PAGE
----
Picture Books: Writing Funny

Whether you plan to write humorous fiction or work humor into your nonfiction, it pays to know what your audience finds funny.  Part of that is a matter of personal taste.  My son never got Sponge Bob or Captain Underpants, but Veggie Tales cracked us both up.

Still, humor is also a matter of developmental stage.  A younger child simply does not understand humor in the same way.

Here are the developmental stages of humor as defined by this article at Scholastic.

Infant responds/laughs along with physical play such as tickling or peek-a-boo.

A one year-old knows that it is funny to do unexpected things.  This can be as simple as playing keep-away by not letting someone take something.

By two, a toddler is stepping up this game and may run away when called.

Imitation is also funny.  If one toddler drops something, they all drop something.

Three year-olds want people to laugh with them.

By four, bathroom humor is a hoot.

Four year-olds also like to make up silly stories.  Note, they are silly but may not make a lot of sense to adults.

By five, it is funny to substitute one word for another to make a funny sentence.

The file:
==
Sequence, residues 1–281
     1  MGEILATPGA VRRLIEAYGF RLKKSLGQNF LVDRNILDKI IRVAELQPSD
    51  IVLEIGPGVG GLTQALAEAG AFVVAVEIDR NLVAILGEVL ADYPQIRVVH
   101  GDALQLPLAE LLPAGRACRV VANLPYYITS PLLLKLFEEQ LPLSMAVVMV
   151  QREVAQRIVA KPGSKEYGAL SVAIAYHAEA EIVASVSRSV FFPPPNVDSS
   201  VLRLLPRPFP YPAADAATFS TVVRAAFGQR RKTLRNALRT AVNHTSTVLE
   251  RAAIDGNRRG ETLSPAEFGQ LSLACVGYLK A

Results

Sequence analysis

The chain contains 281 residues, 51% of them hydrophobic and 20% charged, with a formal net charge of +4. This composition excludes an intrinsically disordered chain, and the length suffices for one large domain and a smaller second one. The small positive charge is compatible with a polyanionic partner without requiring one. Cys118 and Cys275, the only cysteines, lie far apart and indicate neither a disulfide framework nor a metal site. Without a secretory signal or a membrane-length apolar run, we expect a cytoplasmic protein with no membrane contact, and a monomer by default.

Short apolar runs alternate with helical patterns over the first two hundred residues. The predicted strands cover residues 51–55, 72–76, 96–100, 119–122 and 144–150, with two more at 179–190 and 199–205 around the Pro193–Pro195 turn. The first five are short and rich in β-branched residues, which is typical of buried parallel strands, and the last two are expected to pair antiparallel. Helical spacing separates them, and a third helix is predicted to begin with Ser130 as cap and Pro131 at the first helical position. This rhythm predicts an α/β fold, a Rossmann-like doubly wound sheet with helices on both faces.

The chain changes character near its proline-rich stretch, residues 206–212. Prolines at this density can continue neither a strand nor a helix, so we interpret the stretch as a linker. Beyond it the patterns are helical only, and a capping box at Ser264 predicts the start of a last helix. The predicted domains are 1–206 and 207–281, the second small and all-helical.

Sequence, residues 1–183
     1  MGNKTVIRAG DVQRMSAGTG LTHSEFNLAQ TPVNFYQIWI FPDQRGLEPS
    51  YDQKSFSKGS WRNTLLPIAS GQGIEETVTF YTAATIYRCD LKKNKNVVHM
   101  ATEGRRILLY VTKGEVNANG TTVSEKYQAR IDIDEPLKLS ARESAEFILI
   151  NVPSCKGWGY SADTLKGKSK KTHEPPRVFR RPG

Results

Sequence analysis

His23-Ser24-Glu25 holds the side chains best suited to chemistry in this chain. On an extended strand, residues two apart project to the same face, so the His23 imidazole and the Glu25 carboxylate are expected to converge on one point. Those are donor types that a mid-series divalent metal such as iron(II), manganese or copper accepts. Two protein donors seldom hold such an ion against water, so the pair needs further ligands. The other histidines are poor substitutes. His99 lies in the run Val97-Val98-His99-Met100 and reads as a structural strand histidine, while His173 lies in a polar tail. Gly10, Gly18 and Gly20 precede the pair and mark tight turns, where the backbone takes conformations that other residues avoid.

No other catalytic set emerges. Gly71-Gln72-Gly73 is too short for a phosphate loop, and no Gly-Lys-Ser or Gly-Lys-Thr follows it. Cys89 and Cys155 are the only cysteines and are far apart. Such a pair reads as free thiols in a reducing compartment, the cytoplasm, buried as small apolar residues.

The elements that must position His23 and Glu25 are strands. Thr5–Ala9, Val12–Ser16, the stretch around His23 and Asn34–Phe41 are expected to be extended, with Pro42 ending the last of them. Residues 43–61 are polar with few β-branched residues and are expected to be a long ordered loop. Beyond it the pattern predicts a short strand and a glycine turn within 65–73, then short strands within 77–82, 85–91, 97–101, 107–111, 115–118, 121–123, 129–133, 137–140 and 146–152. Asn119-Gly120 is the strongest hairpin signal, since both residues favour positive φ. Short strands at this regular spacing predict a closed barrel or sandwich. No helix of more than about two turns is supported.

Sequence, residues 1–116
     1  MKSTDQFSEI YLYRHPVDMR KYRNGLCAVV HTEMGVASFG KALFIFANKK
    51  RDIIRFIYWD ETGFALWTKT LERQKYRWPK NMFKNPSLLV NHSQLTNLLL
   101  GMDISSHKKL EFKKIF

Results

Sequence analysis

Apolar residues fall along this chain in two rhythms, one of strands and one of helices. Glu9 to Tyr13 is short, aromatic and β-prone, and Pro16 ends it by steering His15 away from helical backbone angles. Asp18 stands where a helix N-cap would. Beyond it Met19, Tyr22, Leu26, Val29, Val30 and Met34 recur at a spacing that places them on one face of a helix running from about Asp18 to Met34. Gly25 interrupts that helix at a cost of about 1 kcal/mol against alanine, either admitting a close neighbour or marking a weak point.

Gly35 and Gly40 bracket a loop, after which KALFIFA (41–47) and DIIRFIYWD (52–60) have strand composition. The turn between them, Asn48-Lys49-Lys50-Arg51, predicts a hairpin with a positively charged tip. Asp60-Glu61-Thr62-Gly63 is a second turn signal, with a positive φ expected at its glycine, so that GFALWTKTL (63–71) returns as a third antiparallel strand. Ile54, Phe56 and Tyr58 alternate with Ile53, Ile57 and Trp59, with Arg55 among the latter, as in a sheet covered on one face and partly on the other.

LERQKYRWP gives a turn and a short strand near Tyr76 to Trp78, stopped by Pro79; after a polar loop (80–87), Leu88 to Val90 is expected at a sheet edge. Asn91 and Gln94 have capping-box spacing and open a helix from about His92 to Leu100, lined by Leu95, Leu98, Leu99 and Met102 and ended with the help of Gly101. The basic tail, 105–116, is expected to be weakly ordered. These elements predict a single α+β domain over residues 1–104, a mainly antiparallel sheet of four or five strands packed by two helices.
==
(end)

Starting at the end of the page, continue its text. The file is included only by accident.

Kindergartners are coordinated enough that it is now funny to pretend to be uncoordinated.

Sea Monkey and Bob by Aaron Reynolds is a preschool picture book.  From cover to cover, this is a silly story.  We have a puffer fish with a human name who is afraid he will float to the surface.  Sea Monkey is just a funny sound thing and he’s afraid he’s to heavy to float at all.  Questioning limits and outright silliness appeal to readers two to four.

In Dogosaurus Rex  by Anna Staniszewski the humor comes from the fact that Ben doesn’t get that you can’t adopt a T-Rex at a shelter, it is just so big.  The t-rex is imitating a dog and that’s just funny for 3 and 4 year olds.

This one contains a plot spoiler!  It’s Not Jack and the Beanstalk by Josh Funk plays with this fairy tale with Jack arguing constantly with the narrator and making friends with the vegan giant. This is another silly story but it is older as one reality is substituted for another.

Humor is a great way to hook a young reader of any age but you have to know what works at what age to make the sale.

–SueBE

 

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